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Topic Title: Article: Biological Issues in Materials Science and Engineering:
Topic Summary: L.E. Murr, JOM. Interdisciplinarity and the Bio-Materials Paradigm
Created On: 7/13/2007 10:50 PM

 7/13/2007 10:50 PM

Cathy Rohrer

Posts: 584
Joined: 2/6/2007

Abstract: Biological systems and processes have had, and continue to have, important implications and applications in materials extraction, processing, and performance. This paper illustrates some interdisciplinary, biological issues in materials science and engineering. These include metal extraction involving bacterial catalysis, galvanic couples, bacterial-assisted corrosion and degradation of materials, biosorption and bioremediation of toxic and other heavy metals, metal and material implants and prostheses and related dental and medical biomaterials developments and applications, nanomaterials health benefits and toxicity issues, and biomimetics and biologically inspired materials developments. These and other examples provide compelling evidence and arguments for emphasizing biological sciences in materials science and engineering curricula and the implementation of a bio-materials paradigm to facilitate the emergence of innovative interdisciplinarity involving the biological sciences and materials sciences and engineering.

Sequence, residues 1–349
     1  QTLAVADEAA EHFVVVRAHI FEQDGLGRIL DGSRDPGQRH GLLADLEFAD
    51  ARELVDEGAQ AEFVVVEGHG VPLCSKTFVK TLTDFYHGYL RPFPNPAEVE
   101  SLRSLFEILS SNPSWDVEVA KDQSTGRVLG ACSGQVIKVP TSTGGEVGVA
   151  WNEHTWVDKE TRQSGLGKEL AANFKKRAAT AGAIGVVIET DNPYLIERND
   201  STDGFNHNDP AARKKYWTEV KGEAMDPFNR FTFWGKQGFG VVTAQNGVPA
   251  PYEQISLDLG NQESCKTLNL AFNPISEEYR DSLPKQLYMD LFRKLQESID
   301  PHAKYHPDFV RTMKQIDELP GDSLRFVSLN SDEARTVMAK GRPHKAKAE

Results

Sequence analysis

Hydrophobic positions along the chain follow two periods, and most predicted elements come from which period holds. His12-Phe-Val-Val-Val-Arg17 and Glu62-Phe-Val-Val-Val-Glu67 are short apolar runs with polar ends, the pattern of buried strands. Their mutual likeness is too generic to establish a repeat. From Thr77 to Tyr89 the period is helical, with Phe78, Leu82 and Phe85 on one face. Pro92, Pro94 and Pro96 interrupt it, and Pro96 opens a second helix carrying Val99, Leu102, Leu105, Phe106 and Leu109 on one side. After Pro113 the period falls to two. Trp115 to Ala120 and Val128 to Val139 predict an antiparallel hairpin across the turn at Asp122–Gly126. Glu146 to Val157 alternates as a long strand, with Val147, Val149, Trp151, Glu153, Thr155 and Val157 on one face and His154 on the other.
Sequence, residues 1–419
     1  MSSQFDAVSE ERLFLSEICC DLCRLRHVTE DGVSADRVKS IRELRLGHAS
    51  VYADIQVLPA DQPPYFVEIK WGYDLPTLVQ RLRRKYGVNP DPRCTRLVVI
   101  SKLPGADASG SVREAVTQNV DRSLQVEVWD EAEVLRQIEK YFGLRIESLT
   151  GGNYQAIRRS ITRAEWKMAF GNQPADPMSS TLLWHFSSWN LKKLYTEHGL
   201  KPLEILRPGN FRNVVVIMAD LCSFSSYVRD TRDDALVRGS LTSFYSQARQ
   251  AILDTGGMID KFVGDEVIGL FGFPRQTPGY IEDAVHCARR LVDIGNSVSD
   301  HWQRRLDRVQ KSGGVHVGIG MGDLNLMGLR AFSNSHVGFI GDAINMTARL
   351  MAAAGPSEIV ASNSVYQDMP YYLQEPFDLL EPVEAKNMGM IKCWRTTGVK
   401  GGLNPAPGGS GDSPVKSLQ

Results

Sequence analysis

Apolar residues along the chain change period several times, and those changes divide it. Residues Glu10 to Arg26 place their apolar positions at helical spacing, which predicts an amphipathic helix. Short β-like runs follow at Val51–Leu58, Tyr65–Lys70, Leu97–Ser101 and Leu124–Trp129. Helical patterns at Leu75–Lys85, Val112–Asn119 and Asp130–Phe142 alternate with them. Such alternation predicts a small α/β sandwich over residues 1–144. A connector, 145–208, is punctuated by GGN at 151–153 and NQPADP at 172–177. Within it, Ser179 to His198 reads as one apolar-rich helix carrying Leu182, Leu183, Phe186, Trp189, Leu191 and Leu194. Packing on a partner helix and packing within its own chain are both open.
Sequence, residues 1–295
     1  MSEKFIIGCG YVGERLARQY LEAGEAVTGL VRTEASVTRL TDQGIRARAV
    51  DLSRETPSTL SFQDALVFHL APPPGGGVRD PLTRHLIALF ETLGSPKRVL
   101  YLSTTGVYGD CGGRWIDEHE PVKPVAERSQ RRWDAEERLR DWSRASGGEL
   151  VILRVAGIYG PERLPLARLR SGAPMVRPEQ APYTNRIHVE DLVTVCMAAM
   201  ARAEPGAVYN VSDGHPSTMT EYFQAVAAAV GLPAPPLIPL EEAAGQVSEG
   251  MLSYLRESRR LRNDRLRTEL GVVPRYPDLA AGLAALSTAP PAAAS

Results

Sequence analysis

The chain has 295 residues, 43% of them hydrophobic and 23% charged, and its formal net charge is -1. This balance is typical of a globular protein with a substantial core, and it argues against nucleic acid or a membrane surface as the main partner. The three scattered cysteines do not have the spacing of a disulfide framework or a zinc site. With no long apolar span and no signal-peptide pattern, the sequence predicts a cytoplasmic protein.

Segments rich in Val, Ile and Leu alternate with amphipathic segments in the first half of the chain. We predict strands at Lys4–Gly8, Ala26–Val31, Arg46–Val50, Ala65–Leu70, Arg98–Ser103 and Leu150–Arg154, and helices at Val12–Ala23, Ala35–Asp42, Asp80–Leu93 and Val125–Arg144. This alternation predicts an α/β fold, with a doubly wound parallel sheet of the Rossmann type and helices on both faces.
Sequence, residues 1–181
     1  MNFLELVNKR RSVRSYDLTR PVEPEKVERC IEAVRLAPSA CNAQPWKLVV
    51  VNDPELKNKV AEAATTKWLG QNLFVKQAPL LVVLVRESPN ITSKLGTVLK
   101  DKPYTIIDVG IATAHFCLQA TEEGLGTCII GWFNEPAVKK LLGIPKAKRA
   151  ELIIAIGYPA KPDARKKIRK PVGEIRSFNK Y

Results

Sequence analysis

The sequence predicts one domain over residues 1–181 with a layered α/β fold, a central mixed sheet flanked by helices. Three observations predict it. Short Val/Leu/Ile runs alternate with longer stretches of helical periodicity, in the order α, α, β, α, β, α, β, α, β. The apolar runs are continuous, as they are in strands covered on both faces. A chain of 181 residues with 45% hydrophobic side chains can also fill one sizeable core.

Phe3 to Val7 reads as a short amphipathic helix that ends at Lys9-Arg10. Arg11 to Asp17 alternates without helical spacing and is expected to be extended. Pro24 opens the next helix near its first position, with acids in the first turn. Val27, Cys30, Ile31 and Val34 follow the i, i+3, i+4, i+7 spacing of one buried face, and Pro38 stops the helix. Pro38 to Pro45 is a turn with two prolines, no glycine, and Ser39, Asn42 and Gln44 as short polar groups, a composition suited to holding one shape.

Citation: Murr, L.E., "Biological Issues in Materials Science and Engineering:
Interdisciplinarity and the Bio-Materials Paradigm," JOM, Vol. 58, No. 7, pp. 23-33, July 2006.

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